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Michael Bloomberg’s philanthropy group gives St. Louis $2.5 million to fight climate change

Community groups in the Metro East say the air quality monitoring requirements in a proposed Clean Air Act permit for Veolia's incinerator in Sauget, Ill won't protect public health.
Rici Hoffarth | St. Louis Public Radio
Community groups in the Metro East say the air quality monitoring requirements in a proposed Clean Air Act permit for Veolia's incinerator in Sauget, Ill won't protect public health.

The City of St. Louis has received a $2.5 million in technical support from Bloomberg Philanthropies to bolster efforts to cut carbon pollution from its buildings.

St. Louis was selected to participate in the Bloomberg American Cities Climate Challenge, a program that works with cities on reducing greenhouse gas emissions. The program will largely focus on helping St. Louis lower carbon emissions produced by buildings, which contribute nearly 80 percent of the city’s carbon pollution.

More than 130 million people in the United States were exposed to unhealthy levels of air pollution over a three-year period, according to a report from the American Lung Association.
Credit Rici Hoffarth | St. Louis Public Radio
The City of St. Louis will be working with Bloomberg Philanthropies' American Cities Climate Challenge to cut carbon pollution from buildings.

In recent years, the mayor’s office has set up programs to address air pollution from buildings. An ordinance that former Mayor Francis Slay signed last year requires owners of buildings larger than 50,000 feet to track and report energy use.

“[St. Louis is] one of the first Midwest cities to pass a benchmarking ordinance to improve energy efficiency and we saw great opportunity to build off of that,” said Kelly Shultz, who leads the sustainable cities program at Bloomberg Philanthropies.

The resources from Bloomberg Philanthropies will help the city hire someone to interpret at the energy data reported by large building owners.

“That will probably involve reaching out to some of the worst performing buildings in the city and ensuring that they’re plugged into the right financing and opportunities to actually reduce energy,” Shultz added.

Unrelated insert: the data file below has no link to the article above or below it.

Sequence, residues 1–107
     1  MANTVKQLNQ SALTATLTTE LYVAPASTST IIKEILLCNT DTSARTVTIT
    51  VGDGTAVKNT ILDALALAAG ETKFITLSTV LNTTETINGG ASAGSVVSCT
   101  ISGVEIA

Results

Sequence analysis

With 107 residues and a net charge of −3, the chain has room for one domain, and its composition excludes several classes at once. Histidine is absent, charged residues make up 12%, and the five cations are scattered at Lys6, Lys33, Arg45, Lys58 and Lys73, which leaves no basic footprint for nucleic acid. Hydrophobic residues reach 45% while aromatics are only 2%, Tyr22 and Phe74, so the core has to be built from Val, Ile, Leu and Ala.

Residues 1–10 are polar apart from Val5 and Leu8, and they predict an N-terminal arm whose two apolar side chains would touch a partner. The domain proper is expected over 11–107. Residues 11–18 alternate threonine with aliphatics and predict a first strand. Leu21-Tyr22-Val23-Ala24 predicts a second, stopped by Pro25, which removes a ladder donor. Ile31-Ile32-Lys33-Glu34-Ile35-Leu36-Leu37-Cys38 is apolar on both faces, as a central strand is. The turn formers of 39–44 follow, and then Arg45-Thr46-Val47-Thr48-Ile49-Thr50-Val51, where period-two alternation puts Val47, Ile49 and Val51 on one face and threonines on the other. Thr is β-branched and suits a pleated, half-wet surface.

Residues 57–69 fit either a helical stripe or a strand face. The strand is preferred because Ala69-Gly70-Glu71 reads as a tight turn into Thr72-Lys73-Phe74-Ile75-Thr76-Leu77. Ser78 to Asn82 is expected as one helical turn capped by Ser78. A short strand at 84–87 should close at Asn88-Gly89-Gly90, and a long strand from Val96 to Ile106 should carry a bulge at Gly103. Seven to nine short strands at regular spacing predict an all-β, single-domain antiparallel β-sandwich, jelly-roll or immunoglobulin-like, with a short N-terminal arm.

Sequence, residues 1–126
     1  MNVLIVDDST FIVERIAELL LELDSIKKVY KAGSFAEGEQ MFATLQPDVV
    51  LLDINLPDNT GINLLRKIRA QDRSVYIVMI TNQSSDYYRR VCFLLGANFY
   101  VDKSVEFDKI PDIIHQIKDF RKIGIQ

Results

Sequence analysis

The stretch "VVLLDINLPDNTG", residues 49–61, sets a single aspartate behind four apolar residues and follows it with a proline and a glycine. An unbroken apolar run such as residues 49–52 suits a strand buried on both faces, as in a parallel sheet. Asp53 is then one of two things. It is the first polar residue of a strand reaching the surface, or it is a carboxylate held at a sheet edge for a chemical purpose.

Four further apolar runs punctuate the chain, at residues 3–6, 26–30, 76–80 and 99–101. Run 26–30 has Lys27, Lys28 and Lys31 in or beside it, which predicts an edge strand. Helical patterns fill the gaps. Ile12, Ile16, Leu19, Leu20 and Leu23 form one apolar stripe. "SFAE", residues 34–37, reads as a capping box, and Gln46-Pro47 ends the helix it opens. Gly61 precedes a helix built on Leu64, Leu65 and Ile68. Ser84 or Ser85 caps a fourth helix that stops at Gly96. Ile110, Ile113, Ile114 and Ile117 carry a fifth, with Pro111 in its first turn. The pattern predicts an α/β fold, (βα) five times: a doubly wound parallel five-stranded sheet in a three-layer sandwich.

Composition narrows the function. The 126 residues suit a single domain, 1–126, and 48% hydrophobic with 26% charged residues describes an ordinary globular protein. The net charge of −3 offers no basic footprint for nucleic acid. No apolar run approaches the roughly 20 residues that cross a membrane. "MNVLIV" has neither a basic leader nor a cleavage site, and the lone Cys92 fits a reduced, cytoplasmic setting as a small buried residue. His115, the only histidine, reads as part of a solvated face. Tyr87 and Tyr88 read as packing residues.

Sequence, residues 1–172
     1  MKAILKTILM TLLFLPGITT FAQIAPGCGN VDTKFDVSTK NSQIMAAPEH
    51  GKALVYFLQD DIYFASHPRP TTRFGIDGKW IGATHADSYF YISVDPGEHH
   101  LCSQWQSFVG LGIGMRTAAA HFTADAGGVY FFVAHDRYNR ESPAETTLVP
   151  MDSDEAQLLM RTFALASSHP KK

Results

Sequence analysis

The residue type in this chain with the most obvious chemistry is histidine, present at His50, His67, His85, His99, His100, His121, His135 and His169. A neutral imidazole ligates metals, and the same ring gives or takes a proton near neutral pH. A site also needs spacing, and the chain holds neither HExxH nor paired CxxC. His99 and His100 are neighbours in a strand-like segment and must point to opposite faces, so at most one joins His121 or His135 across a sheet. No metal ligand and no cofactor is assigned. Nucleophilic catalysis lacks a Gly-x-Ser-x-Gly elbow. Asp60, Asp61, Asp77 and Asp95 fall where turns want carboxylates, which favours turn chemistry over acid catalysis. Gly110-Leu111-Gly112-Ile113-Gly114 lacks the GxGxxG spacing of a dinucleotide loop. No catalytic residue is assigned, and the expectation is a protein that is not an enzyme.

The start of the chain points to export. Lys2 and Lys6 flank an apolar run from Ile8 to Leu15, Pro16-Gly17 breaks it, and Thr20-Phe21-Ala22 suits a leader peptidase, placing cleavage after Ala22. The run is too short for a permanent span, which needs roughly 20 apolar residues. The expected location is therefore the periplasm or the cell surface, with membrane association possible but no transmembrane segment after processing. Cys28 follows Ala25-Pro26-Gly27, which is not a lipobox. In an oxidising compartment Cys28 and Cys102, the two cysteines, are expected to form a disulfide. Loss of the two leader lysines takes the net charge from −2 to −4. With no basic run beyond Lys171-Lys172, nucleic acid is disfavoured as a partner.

The two-year program will also promote solar energy and electric vehicle use in the city.

In its climate action plan, the City of St. Louis committed to cutting 80 percent of its carbon emissions by 2050, based on its 2005 levels. City officials also pledged this year to generate 100 percent of the city's electricity from renewable energy sources by 2035.

“It’s a real feather in St. Louis’ cap to have been included in this very elite group of cities and with mayors who are committed to advancing climate protection,” said Catherine Werner, St. Louis’ sustainability director.

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Copyright 2021 St. Louis Public Radio. To see more, visit St. Louis Public Radio.

Eli Chen is the science and environment reporter at St. Louis Public Radio. She comes to St. Louis after covering the eroding Delaware coast, bat-friendly wind turbine technology, mouse love songs and various science stories for Delaware Public Media/WDDE-FM. Before that, she corralled robots and citizen scientists for the World Science Festival in New York City and spent a brief stint booking guests for Science Friday’s live events in 2013. Eli grew up in the northwest suburbs of Chicago, where a mixture of teen angst, a love for Ray Bradbury novels and the growing awareness about climate change propelled her to become the science storyteller she is today. When not working, Eli enjoys a solid bike ride, collects classic disco, watches standup comedy and is often found cuddling other people’s dogs. She has a bachelor’s in environmental sustainability and creative writing at the University of Illinois Urbana-Champaign and has a master’s degree in journalism, with a focus on science reporting, from the City University of New York Graduate School of Journalism.